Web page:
As a patent attorney, I am frequently asked, “Can I copy my competitor’s patented product?” The short answer is . . . wait for it, wait for it . . . it depends. This question typically comes up when a business owner wants to commercialize a product or perform a process (referred to collectively in this article as “good” or “goods”), discovers a patent related to the good, but is not sure what the patent covers. As a registered patent attorney, I evaluate patents and patent applications to determine the risk of developing competing goods. Below are three important questions that must be answered by a registered patent attorney to evaluate the risk of competing against a patented good.
Typically, a registered patent attorney will conduct a “freedom to operate” opinion to determine if a business owner can commercialize a particular good without infringing on another’s patent. First, a patent attorney will determine if the patent is enforceable. Next, a patent attorney will perform an infringement analysis to determine if a particular good infringes on any of a patent’s claims.
To perform an infringement analysis of a patent and a possibly infringing product, first, the patent’s scope must be analyzed. Second, the patent’s claim terms must be interrupted using the specification, prosecution history and extrinsic evidence to understand and construe the meaning of the claim terms. After the claim terms have been construed, then the elements of a particular good must be analyzed to determine if the particular good practices each and every claim element taught by a patent’s claim. If a good practices each and every claim element, or one of its equivalents, taught by a patent’s claim, then infringement exists. If the good does not practice at least one claim term, then no infringement exists. Additionally, a patent attorney may also conduct an analysis to determine if the patent is valid or if there is a possibility the patent can be invalided.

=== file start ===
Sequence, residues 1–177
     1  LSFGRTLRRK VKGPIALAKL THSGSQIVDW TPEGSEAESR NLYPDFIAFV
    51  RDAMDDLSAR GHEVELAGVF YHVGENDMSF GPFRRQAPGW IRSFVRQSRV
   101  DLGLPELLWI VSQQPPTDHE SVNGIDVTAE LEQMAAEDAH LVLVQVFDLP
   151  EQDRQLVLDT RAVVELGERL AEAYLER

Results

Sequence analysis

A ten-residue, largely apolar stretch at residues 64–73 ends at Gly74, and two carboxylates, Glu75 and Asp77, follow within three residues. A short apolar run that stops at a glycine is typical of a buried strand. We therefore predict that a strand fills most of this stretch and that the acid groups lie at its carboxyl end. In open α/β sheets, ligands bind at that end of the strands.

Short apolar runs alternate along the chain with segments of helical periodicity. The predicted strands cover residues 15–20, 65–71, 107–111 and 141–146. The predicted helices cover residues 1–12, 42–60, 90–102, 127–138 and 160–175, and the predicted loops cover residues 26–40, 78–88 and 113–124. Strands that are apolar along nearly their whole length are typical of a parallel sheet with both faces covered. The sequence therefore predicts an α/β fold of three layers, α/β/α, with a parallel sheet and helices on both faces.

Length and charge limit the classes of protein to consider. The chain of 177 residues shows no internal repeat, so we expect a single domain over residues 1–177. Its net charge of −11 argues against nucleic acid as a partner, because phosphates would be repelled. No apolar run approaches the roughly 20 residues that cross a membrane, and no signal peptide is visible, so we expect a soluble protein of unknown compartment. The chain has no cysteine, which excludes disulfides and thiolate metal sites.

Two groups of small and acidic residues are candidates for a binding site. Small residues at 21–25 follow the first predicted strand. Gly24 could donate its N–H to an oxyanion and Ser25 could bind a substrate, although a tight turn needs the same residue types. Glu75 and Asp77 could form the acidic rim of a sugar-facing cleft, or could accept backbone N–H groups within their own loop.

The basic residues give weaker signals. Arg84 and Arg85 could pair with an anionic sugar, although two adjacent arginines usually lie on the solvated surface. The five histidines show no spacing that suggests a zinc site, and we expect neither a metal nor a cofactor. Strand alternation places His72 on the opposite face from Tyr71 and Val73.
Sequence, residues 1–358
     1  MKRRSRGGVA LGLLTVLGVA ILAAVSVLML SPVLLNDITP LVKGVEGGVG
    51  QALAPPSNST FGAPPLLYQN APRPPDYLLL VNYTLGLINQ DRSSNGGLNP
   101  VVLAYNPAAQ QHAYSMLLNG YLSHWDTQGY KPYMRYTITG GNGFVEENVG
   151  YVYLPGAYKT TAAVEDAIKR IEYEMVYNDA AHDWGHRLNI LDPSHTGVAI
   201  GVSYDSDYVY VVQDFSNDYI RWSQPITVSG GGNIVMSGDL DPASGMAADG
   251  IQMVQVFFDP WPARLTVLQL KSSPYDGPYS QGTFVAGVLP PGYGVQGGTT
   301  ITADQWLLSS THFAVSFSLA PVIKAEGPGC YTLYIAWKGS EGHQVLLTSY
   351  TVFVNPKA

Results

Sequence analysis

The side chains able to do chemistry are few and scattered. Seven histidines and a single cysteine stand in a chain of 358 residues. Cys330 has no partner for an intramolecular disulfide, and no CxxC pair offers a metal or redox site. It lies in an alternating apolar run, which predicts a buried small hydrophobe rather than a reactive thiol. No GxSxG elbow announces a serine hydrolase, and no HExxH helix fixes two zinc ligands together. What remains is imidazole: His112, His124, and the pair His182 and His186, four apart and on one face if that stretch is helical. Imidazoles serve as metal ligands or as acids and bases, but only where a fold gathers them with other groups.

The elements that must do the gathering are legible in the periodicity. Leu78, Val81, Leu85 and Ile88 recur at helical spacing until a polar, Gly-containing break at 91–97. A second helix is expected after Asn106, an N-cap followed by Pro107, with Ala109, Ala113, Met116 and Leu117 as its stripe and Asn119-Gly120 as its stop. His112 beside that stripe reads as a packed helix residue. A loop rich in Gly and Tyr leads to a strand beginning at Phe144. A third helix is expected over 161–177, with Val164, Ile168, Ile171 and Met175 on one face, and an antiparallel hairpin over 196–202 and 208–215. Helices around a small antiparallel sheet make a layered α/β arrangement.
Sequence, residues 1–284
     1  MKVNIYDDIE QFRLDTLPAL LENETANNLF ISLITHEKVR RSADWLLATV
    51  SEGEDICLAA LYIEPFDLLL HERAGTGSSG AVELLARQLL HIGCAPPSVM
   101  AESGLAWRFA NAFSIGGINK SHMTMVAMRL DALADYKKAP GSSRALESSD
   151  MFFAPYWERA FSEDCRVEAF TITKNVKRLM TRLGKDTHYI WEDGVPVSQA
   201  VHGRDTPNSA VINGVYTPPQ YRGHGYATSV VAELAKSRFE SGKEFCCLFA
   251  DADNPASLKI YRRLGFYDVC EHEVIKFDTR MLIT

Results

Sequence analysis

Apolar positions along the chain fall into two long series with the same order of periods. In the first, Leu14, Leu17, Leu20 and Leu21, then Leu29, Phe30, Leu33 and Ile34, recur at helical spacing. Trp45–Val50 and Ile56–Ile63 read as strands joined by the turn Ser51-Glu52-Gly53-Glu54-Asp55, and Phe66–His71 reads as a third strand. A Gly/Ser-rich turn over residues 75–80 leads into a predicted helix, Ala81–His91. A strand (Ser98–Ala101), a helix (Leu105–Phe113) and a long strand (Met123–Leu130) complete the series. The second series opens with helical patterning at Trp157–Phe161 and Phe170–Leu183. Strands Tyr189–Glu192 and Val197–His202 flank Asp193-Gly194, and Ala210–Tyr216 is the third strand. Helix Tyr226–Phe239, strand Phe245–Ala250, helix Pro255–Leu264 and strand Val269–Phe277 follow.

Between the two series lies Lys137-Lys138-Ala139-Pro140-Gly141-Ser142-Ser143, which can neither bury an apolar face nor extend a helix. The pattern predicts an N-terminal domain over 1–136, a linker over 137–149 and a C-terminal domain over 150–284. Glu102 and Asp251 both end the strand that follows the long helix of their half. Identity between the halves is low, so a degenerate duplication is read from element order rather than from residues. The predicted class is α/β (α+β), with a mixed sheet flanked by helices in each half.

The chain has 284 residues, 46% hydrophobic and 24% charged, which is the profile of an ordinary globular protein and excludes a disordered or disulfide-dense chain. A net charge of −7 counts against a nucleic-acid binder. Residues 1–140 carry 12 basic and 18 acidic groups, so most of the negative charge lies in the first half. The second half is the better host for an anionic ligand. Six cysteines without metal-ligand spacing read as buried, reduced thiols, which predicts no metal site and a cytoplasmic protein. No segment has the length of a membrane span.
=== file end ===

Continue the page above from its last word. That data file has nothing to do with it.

Patent validity opinions are a patent attorney’s opinion as to the probability that a patent’s or patent publication’s claims are valid and enforceable. A patent attorney analyzes the prior art, or any evidence related to an invention known before the filing date of a patent, and the circumstances surrounding the prosecution of the patent to render a patent validity opinion. Typically, a search is also performed to find relevant prior art that was publicly known before the filing date of the patent that may not have been considered in the prosecution of a patent at the United States Patent and Trademark Office (the “USPTO”). A patent attorney will analyze the patent and the prior art to determine the probability that a patent or patent claim will be invalidated because in light of the prior art the claims of the patent are not obvious or not novel.
Depending on the answers to the questions above, a business may decide to challenge a patent or patent application. Several options exist for a business to challenge a patent application. These options include pre-issuance submissions filed with the USPTO, post grant reviews filed with the Patent Trial and Appeal Board (the “PTAB”), inter partes reviews filed with the PTAB, ex-parte reexamination filed with the USPTO, covered business method patent reviews filed with the PTAB, and filing legal action seeking a declaration of non-infringement in a United States District Court. My next post will more fully explain the options for challenging a patent.
The patent attorneys at The Plus IP Firm help businesses and inventors protect their ideas, concepts and creations with patents, trademarks and copyrights. The patent attorneys at The Plus IP Firm have helped numerous clients determine the risk of developing products that compete against patented products. To schedule a free consultation, click HERE. For more information about Derek Fahey, this article’s author, click HERE.
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